# Entropy, energy, equilibrium

• Taturana
In summary, the conversation discusses the relationships between energy, entropy, and equilibrium. The general concept is that in nature, things tend to move towards equilibrium, with energy decreasing and entropy increasing. The conversion of potential energy into kinetic energy through mechanical work is also mentioned, with the idea that potential energy represents a state of disequilibrium. However, it is noted that this may not always be true and additional constraints may be needed to fully understand this concept.

#### Taturana

I've been thinking about some relations between energy, entropy and equilibrium but I don't know if I'm right.

We know that everything in nature tends to the equilibrium, right? Also in every system in universe the entropy tends to increase... so, the higher the entropy the higher is the equilibrium is the system, that's right?

I also thought that mechanical work is the way that the potential energy is converted into kinetic energy. Potential energy means disequilibrium, because if something has potential energy that means that this thing has energy stored in some place, and this energy is certainly going to be converted into kinetic energy in some moment (so it will generate disequilibrium because we will have a force, because work is force times distance).

If my thinks are right I can conclude that everything tends to equilibrium, the entropy tends to increase and the potential energy tends to decrease in every system.

Am I right? or am I just saying absurds?

Thanks all

Yes, in general, energy tends to decrease and entropy tends to increase as you go towards equilibrium, this is usually taught in HS chemistry.

Enthalpy (energy) wants to go down, Entropy wants to go up.

Taturana said:
We know that everything in nature tends to the equilibrium, right?
I wouldn't say it this way. It's rather that nature stay in stable states, because... they are stable. So it evolves randomly, but once it reaches a states that has himself as the successor, it will stay there forever for obvious reasons.

Taturana said:
Also in every system in universe the entropy tends to increase... so, the higher the entropy the higher is the equilibrium is the system, that's right?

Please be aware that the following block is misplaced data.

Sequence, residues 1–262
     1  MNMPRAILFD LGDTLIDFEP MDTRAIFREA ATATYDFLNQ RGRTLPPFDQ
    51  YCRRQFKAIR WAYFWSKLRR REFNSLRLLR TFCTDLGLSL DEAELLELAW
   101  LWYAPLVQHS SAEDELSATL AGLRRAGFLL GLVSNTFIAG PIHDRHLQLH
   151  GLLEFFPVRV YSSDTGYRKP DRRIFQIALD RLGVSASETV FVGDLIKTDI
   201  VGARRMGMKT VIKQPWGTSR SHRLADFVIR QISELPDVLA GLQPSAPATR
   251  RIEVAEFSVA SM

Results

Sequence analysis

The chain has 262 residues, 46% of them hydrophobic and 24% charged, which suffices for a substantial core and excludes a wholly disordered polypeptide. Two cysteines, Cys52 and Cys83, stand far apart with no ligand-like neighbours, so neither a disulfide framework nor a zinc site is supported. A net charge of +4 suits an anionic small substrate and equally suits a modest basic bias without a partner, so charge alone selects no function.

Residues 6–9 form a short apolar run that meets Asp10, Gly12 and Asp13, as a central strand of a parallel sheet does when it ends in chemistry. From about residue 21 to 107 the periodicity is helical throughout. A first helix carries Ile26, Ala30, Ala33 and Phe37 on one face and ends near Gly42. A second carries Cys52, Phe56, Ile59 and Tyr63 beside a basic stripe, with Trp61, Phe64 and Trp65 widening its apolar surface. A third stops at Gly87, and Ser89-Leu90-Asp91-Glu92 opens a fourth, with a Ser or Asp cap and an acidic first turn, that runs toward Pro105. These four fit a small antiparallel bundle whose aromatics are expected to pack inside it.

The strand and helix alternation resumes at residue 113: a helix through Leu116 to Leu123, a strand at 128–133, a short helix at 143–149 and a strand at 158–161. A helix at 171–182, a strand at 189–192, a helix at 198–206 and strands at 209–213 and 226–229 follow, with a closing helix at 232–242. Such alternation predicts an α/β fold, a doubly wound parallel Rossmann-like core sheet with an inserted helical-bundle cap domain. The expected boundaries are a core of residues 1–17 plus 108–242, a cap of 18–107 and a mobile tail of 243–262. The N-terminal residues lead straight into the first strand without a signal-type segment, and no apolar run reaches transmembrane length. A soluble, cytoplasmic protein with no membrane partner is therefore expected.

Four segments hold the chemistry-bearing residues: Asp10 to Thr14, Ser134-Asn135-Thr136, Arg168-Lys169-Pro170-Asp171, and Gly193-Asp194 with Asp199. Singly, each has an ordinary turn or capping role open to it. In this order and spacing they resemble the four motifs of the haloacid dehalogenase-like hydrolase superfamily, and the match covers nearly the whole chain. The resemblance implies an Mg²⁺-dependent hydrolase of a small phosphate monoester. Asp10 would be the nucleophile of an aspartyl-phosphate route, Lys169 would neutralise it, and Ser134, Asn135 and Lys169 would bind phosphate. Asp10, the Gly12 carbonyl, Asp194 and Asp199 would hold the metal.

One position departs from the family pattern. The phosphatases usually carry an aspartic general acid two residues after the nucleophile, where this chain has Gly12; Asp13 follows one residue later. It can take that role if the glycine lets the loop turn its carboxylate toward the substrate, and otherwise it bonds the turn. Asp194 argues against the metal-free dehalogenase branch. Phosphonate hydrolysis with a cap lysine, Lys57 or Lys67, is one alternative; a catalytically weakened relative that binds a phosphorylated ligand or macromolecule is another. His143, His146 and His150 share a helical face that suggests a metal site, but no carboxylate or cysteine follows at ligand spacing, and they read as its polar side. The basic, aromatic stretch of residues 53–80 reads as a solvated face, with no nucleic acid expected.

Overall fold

For this I started another thread
Entropy doesn't have to increase. It is just very very likely that it will, if there are very many particles. Occationally entropy can drastically decrease.

Taturana said:
I also thought that mechanical work is the way that the potential energy is converted into kinetic energy. Potential energy means disequilibrium, because if something has potential energy that means that this thing has energy stored in some place, and this energy is certainly going to be converted into kinetic energy in some moment
I think this isn't true in general. This idea might only work if you add some more contraints. Maybe considering gases only? Or other special systems? Not sure...
Anyone a suggestion? I find that interesting. A suppose a good starting point is
http://en.wikipedia.org/wiki/Virial_theorem

## 1. What is entropy?

Entropy is a measure of the disorder or randomness in a system. In other words, it is a measure of how much the energy in a system is spread out and unavailable to do work.

## 2. How does energy relate to entropy?

Energy and entropy are closely related. In any system, energy will naturally tend to spread out and become more evenly distributed, leading to an increase in entropy. This process is known as entropy production.

## 3. What is the role of equilibrium in entropy?

Equilibrium is a state of balance in a system, where there is no net flow of energy or matter. In thermodynamics, systems naturally tend towards equilibrium, which is associated with maximum entropy.

## 4. How does entropy affect the behavior of matter?

Entropy plays a key role in determining the behavior of matter. As entropy increases, the energy in a system becomes more dispersed and less able to do work. This can lead to changes in temperature, phase transitions, and chemical reactions.

## 5. Can entropy be reversed or decreased?

In accordance with the second law of thermodynamics, the total entropy of a closed system will always increase over time. While it is possible to decrease the entropy of a small portion of the system, the overall entropy of the system will still increase. This is known as the arrow of time.